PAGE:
To Maximize Your Salary, Learn the Art of Deflection

Two women involved in a negotiation

Photo by Christina @ wocintechchat.com on Unsplash

February 05, 2020

 

It’s best to steer clear of discussing a salary until you’ve received a job offer. Here’s how to handle compensation conversations with finesse.

During the hiring process, it’s not uncommon for HR or hiring managers to ask job candidates for their salary history. But doing that can put women and people of color at a serious disadvantage. Basing future compensation on past pay carries forward the effect of any previous discrimination.

The good news is that, these days, fewer employers are requiring candidates to disclose prior salaries. That’s in part because AAUW and other groups are advocating for fair-pay laws that don’t allow the practice. Such legislation is now in place in some form in 18 states and Puerto Rico, at least four counties and 13 cities. A proposed federal law called the Paycheck Fairness Act would ban the use of salary history nationwide.

In the meantime, if you’re asked for your salary history on an application or in an interview, practice the art of deflection. That means doing your best to avoid discussing your salary or negotiating until you have received a job offer. It’s a skill AAUW teaches in its free Work Smart Online salary-negotiation course. To follow are a few tips AAUW recommends.

At the application stage …

• If prompted to provide your salary history on an initial written application, use dashes, “zero” or “N/A.”

• You may be asked about compensation in a different way—through a question about your “salary requirements.” As with salary history, try to hold off on giving a number until you’ve received an offer.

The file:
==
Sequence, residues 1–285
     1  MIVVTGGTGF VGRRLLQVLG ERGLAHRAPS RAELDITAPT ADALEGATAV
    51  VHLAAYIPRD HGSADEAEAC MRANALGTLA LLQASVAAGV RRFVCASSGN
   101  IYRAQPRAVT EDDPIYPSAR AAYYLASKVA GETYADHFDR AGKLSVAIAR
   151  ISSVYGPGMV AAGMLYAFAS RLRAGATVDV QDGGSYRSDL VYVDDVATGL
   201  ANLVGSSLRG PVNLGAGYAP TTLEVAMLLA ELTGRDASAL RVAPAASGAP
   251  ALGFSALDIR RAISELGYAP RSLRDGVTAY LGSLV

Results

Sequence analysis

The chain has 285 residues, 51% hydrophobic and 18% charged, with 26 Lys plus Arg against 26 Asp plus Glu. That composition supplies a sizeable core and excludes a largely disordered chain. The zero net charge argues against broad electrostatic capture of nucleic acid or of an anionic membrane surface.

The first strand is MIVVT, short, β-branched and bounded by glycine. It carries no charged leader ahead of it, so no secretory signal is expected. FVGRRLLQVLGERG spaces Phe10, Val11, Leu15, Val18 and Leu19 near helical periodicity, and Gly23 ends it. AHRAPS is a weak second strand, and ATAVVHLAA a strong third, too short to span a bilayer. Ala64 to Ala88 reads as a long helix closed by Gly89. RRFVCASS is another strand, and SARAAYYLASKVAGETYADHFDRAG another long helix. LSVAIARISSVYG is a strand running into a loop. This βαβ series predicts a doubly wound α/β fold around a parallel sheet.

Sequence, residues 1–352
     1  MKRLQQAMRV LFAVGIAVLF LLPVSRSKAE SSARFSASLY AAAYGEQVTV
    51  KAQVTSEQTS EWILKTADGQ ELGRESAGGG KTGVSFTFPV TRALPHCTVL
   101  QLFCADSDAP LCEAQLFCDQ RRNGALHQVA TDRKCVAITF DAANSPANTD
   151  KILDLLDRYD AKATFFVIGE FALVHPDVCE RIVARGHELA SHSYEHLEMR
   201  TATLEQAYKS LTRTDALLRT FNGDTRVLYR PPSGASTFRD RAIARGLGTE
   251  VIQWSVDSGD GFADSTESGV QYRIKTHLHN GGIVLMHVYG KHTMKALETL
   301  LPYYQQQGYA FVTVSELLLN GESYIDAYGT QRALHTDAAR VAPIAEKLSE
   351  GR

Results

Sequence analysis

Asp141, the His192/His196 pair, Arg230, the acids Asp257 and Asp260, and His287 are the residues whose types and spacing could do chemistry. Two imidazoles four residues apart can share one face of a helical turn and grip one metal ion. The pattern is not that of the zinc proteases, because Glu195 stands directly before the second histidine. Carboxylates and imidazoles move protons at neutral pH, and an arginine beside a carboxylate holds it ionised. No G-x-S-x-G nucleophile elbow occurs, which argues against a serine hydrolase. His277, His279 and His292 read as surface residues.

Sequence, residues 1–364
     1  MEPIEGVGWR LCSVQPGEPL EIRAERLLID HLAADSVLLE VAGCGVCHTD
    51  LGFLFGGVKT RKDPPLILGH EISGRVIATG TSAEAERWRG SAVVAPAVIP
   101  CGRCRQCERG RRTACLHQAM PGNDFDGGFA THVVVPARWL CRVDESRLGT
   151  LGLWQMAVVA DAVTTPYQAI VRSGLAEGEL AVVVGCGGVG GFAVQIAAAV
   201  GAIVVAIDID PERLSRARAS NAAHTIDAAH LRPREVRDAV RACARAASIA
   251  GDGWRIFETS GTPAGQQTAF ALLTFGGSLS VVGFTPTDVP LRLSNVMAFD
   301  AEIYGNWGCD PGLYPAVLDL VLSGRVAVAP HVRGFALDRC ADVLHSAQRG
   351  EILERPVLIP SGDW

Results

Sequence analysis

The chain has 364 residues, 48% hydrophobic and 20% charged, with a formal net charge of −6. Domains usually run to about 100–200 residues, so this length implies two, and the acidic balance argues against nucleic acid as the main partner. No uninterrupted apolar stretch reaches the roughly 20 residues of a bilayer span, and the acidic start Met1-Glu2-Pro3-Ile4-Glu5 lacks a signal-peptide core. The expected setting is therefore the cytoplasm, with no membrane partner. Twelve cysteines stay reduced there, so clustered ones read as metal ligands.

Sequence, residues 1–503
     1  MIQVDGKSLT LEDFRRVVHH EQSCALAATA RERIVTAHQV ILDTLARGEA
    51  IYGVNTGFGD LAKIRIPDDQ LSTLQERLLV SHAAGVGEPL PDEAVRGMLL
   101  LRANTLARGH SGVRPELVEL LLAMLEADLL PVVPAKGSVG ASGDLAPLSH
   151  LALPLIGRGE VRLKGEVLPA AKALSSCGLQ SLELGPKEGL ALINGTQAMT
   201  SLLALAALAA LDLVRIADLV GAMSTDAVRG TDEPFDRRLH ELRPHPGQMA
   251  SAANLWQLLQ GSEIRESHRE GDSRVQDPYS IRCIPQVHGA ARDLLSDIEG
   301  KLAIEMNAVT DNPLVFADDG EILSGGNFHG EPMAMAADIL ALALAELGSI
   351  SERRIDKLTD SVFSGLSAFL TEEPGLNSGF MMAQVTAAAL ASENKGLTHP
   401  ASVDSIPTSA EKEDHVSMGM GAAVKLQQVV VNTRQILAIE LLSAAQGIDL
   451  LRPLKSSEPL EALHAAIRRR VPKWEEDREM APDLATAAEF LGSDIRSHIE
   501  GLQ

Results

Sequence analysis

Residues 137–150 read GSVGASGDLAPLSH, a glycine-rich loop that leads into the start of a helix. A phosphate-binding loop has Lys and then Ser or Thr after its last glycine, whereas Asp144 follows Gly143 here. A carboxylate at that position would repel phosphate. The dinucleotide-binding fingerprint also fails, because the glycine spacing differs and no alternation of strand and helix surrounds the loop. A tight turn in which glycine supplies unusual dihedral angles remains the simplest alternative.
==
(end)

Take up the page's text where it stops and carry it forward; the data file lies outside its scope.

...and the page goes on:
• If the job posting requests your salary requirements, you could write “negotiable,” or “I am looking for a fair and equitable salary based on my skills and experience.” Or, if you’re responding to a post that asks you to send in a resume and salary history, consider sending only the resume. If the employer is interested, someone will call to request more information.

• Some online forms might not accept an application without a numerical answer. If you decide to move forward, consider using your target salary or target salary range. AAUW’s Work Smart course walks you through how to determine your target salary based on market values, job duties and your qualifications.

In an interview …

• If you’re asked for your salary expectations, you could deflect by saying “What do you usually pay someone in this position?” or “I’d like to learn more about the role before I set my salary expectations. I would hope that my salary would line up with market rates for similar positions in this area.”

• If you’re asked to share your salary history, you might try “This position is not exactly the same as my last job. Let’s discuss what my responsibilities would be here and then determine a fair salary.” Another option: “I’d appreciate it if you could make me an offer based on whatever you have budgeted for this position, and we can go from there.”

And remember, a growing number of cities and states prohibit employers from even asking about salary history, so make sure you research local pay-equity laws prior to going in for an interview.

Christina Folz By:   |   February 05, 2020